Category Socio-cultural change

Behavioral science driven public policy “led astray”

What nudge theory got wrong
Many behavioral scientists propose and test interventions that attack policy problems by seeking to change individual behavior (adopting an “i-frame”) rather than the system in which they operate (an “s-frame”). Such i-frame interventions, which typically have small or null effects, reduce support from more effective systemic actions (such as regulation and taxation). For this reason, researchers advocating i-frame solutions may have unwittingly helped promote the interests of corporations who oppose systemic change.

Mind the gaps: how experience data can help fight climate change

The climate progress survey
A study by the World Economic Forum, Qualtrics and SAP suggests we are far from reaching a consensus about who is responsible for taking action on climate change and who is trusted to do so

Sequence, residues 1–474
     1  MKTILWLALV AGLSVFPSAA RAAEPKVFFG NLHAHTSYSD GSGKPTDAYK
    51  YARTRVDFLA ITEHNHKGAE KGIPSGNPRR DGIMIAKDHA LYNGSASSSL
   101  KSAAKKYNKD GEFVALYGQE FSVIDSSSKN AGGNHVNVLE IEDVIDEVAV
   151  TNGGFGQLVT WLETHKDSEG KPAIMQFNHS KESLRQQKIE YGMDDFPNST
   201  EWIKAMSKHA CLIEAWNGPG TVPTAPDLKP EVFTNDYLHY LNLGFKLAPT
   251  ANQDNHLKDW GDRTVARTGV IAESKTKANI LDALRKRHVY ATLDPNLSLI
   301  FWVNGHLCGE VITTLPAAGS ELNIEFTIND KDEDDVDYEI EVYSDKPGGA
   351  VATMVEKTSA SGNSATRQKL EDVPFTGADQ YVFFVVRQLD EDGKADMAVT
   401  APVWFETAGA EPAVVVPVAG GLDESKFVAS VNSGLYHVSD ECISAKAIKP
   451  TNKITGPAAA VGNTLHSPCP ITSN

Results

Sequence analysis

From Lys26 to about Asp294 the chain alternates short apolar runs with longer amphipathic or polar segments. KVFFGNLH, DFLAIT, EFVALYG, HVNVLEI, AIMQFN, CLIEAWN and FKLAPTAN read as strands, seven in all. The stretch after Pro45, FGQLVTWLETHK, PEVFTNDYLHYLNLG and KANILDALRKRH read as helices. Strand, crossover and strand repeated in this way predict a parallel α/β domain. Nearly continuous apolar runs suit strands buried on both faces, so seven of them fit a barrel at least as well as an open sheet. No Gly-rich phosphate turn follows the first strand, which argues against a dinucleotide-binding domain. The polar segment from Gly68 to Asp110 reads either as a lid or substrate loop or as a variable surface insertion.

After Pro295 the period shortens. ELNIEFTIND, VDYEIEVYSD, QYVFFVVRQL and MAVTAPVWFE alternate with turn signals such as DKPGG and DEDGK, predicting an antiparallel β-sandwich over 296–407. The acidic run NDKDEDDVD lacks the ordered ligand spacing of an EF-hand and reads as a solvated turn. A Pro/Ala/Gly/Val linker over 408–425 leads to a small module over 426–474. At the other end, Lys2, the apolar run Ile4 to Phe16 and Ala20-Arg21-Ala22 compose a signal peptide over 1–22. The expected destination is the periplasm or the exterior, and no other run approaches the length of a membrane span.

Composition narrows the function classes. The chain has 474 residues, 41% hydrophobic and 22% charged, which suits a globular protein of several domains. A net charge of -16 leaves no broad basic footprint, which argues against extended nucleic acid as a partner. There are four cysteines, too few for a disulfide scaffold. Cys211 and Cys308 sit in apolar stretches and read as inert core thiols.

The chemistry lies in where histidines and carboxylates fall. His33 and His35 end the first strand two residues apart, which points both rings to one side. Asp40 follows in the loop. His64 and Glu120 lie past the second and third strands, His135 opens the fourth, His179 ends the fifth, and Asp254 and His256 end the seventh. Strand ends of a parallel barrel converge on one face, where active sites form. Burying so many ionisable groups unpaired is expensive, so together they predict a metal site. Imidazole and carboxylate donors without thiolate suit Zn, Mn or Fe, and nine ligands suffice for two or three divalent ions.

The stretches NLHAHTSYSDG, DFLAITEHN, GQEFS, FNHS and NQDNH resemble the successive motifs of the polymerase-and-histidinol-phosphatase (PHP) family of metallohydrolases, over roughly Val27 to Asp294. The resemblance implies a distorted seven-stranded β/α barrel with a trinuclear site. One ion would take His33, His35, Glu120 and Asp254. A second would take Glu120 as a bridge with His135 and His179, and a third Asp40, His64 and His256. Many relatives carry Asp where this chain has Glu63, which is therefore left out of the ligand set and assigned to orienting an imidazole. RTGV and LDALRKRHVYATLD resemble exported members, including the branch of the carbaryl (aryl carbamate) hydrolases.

Results suggest 81% of people say businesses are primarily responsible for taking action on climate change, yet only 28% trust businesses’ claims about sustainable practices.

The potential of behavioural interventions for optimising energy use at home

Individuals and households can adopt a variety of measures to optimise their energy consumption, writes Elisabatta Cornago of the International Energy Agency. This article focuses on the potential for enhancing energy efficiency with policies and programmes designed to educate consumers and encourage them to alter their daily habits – without resorting to large-scale structural improvements.